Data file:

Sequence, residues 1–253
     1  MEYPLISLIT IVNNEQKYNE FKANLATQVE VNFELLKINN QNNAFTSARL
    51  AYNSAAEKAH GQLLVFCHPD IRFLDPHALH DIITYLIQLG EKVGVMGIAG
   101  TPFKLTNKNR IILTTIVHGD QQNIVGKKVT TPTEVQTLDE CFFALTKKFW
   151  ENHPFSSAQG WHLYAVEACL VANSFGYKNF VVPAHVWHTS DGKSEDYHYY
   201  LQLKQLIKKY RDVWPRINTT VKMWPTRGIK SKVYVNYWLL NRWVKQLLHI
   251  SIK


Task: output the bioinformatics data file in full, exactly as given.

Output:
Sequence, residues 1–253
     1  MEYPLISLIT IVNNEQKYNE FKANLATQVE VNFELLKINN QNNAFTSARL
    51  AYNSAAEKAH GQLLVFCHPD IRFLDPHALH DIITYLIQLG EKVGVMGIAG
   101  TPFKLTNKNR IILTTIVHGD QQNIVGKKVT TPTEVQTLDE CFFALTKKFW
   151  ENHPFSSAQG WHLYAVEACL VANSFGYKNF VVPAHVWHTS DGKSEDYHYY
   201  LQLKQLIKKY RDVWPRINTT VKMWPTRGIK SKVYVNYWLL NRWVKQLLHI
   251  SIK